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Q1 '04 - Changing Horses in Midstream

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By Plato90s
January 22, 2004

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Apple ends calendar 2003 on a fairly high note, introducing a new iPod, more online services, and the highest single quarter revenue level since the dot-com boom. This must be an Apple running on all cylinders, pumping out one great product after another.

Starting with the consumer desktop segment, the iMac and eMac has posted the worst unit shipment numbers in the last 4 years. Apple shipped more iMacs after the black Friday of 2001 than it did in the last quarter. In fact, iMac unit sales level is the absolute lowest level ever for Apple since the original introduction of the bondi-blue iMac. To hit this level during the Christmas shopping season simply understates the fact that the Apple consumer desktop line is on life support. It's dying. And Apple shows no apparent interest in reviving it.

At an average selling price (ASP) of ~$1,100 and with the cheapest LCD-iMac starting at $1,300, there is just no value for Apple in this design. People don't want to pay for an expensive component like an LCD which is permanently linked to a single-CPU desktop in the 1.25Ghz or less range. While it may still appeal to a small niche, the LCD-iMac has now gone the route of high price tag, low market appeal.

Moving on to the consumer laptop segment, is it possible that this being the "year of the laptop", consumers simply switched their purchases to iBook instead of the iMac?

That is true to some extent, since iBook sales increase dramatically QoQ, coming off one of its worst quarters. There was some loss in the ASP as well, but that's to be expected given current economic situations.

The overall picture is not as rosy, since total unit sales for iMac + iBook is 448k, compared to 484k last year. That's 7.4% YoY decline in the consumer price-range products during a year in which Gartner/IDC estimate worldwide PC shipment growth in the Christmas quarter to be at least 8% higher.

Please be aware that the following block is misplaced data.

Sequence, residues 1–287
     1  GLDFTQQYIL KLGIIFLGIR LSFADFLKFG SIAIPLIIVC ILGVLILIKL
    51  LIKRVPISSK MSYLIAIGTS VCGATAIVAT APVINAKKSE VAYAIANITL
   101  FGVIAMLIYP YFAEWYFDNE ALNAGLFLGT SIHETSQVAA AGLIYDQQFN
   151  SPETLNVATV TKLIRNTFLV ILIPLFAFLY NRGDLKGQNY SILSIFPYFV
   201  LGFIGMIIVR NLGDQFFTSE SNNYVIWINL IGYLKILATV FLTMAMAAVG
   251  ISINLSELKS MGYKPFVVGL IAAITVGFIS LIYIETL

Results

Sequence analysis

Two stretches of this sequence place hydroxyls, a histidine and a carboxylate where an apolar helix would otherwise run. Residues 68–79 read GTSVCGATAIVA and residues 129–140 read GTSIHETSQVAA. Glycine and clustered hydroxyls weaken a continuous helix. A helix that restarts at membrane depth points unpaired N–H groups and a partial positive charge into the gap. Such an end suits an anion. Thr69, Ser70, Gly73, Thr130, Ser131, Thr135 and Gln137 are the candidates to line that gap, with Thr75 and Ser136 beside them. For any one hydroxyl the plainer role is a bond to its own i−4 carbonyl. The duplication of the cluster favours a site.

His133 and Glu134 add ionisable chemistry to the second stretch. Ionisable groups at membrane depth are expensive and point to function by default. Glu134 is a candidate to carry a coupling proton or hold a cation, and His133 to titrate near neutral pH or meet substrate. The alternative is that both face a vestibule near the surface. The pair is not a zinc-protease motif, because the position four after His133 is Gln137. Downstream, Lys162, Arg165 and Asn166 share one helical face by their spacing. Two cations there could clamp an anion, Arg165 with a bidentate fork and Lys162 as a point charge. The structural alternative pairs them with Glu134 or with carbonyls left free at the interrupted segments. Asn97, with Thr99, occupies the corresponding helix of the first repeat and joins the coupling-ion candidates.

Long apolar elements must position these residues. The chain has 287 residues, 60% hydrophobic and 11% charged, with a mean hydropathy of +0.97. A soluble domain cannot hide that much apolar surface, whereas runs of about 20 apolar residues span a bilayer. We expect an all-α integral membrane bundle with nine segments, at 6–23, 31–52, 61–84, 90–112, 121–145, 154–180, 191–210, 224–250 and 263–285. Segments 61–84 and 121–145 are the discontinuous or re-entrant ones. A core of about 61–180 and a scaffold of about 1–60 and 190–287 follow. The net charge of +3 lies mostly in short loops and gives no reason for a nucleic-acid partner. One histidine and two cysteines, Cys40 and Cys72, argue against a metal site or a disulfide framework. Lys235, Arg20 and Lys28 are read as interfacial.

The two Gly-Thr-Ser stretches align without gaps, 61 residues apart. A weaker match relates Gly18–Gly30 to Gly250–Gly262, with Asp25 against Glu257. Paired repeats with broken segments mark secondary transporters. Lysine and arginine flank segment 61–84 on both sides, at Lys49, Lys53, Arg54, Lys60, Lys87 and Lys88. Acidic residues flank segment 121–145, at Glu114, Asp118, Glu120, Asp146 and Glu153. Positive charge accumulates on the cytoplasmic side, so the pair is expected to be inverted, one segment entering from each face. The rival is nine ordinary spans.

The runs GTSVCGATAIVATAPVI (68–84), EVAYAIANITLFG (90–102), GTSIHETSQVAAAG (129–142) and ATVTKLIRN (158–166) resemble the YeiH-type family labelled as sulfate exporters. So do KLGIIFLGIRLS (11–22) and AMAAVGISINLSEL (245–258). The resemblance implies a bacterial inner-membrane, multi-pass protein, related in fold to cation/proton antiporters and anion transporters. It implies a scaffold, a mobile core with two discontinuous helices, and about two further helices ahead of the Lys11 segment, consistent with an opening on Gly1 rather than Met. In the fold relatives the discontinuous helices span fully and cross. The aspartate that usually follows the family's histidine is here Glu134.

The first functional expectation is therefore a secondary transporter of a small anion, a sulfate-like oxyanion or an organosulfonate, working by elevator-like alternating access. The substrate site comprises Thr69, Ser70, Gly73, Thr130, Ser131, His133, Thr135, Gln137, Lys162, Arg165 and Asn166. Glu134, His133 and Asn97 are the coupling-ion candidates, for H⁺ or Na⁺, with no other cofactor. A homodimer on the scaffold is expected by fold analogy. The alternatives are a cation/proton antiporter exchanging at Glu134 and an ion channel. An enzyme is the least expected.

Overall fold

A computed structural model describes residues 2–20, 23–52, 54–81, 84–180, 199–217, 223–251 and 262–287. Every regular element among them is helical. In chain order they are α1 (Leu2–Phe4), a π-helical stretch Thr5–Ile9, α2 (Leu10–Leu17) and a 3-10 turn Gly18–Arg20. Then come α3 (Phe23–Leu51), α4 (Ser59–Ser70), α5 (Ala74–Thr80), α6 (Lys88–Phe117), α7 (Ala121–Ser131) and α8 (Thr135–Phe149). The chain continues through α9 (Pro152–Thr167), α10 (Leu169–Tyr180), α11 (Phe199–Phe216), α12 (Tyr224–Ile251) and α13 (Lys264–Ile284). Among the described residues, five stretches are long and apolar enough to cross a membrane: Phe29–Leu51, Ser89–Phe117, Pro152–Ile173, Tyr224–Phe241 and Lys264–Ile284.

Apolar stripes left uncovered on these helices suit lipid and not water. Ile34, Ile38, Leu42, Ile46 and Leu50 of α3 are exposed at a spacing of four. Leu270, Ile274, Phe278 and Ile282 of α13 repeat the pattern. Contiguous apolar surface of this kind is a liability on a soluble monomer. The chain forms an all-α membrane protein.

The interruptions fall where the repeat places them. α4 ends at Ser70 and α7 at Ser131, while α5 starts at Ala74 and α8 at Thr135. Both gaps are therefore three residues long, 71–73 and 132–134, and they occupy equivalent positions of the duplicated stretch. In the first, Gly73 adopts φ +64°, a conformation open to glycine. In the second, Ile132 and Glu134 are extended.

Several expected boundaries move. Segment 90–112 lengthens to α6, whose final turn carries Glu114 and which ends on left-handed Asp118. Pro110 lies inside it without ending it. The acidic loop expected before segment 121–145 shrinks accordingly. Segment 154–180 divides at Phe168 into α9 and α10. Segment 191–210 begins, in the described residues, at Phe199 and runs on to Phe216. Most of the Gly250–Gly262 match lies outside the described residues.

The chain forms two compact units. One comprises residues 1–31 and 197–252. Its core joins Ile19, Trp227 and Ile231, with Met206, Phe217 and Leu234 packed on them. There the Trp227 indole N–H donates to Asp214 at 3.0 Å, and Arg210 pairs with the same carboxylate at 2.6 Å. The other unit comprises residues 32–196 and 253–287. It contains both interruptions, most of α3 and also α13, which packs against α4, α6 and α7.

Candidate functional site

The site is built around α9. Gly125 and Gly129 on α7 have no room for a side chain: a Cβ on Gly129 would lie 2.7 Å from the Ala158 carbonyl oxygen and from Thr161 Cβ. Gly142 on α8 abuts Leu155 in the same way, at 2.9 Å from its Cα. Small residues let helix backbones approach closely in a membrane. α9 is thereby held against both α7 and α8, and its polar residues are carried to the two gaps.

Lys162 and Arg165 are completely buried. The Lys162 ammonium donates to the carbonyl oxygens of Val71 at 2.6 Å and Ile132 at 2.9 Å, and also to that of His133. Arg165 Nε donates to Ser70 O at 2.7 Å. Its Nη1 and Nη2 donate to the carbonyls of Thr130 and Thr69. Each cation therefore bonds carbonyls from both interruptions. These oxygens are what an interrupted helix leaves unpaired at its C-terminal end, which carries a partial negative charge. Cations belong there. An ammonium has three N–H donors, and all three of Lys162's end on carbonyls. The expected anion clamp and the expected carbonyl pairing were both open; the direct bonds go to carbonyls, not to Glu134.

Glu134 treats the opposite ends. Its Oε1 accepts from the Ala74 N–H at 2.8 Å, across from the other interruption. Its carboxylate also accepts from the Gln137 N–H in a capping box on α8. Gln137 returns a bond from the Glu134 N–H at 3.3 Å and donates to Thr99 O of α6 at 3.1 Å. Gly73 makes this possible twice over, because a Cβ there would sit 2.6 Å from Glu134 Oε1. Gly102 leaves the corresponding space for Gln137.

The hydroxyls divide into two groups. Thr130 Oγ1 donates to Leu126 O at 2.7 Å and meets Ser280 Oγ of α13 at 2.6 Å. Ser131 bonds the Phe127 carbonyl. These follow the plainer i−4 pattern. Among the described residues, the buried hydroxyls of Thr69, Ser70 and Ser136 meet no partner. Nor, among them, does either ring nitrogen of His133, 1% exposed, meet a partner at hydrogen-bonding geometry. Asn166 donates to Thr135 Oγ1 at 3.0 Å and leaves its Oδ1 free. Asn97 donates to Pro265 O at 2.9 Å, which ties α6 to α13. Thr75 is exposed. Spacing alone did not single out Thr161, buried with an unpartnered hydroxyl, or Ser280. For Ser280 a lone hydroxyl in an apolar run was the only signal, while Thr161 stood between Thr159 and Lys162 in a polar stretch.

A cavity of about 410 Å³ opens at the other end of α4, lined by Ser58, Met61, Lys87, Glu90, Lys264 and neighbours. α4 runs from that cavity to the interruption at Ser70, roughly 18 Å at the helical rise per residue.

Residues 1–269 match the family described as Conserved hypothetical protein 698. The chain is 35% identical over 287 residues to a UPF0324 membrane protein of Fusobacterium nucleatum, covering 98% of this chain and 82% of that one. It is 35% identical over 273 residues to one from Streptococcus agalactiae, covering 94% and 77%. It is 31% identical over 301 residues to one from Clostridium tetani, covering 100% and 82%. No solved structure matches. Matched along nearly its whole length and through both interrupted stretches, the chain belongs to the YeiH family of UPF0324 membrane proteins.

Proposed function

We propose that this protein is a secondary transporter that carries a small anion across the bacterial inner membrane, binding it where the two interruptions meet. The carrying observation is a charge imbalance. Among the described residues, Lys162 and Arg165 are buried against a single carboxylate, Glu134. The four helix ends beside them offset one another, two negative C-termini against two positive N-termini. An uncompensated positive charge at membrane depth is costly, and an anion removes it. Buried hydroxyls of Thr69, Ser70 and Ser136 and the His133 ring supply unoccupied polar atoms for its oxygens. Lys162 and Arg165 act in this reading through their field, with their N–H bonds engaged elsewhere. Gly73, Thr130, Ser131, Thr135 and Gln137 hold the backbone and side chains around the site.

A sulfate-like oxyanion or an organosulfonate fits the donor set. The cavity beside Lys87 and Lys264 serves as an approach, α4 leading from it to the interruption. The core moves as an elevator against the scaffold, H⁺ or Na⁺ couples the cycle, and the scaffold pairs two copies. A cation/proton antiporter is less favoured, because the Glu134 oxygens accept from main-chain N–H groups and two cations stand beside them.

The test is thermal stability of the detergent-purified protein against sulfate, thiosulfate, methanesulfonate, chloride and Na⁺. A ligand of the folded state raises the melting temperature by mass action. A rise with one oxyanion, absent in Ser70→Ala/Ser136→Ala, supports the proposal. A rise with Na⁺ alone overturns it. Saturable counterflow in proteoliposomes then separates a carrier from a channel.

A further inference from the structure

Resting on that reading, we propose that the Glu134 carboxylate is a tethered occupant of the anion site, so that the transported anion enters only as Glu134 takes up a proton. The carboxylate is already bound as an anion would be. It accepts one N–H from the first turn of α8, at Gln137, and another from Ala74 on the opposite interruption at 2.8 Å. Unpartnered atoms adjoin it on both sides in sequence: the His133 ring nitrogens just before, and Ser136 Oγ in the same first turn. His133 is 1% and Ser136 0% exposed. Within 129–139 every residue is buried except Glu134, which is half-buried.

So individually, the iBook is doing well and possibly taking some sales from would-be consumer desktop customers, but Apple is still losing sales in this market segment. Where are these customers?

Perhaps they are buying PowerBooks instead, which also had an impressive Christmas season, with over 70% increases YoY. The introduction of the eBook (aka 12" PowerBook) has had the desired effect of driving volume back into the PowerBook segment. The unit sales have steadily increase, paced by the steady decrease in prices as well. More people moved to the high end 17" models, but the PowerBook seem unlikely to recover the $2200+ ASP level.

With 195k PowerBooks sold, we seem to have found Apple's missing customers. Now, we have a quarter which has steadily improved year after year from the lows of 2000.

Unfortunately, the PowerMac line looked a bit unhealthy. With only 6 weeks worth of G5 shipments in Q3, Apple managed unit sales of 221k PowerMacs. With a full quarter, plus a new dual 1.8Ghz model, only 206k were sold.

This is a line which is usually unaffected by holiday buying, since pro desktops aren't exactly the kind of item you expect to find under a Christmas tree, so the data suggests that the initial surge of purchases for the PowerMac G5 has already died out after less than 6 months.

Another possibility is that many of the target audience for the PowerMac G5 has already exhausted their budget and is holding off on purchases until calendar Q1. This will be a trend to be observed in the coming months.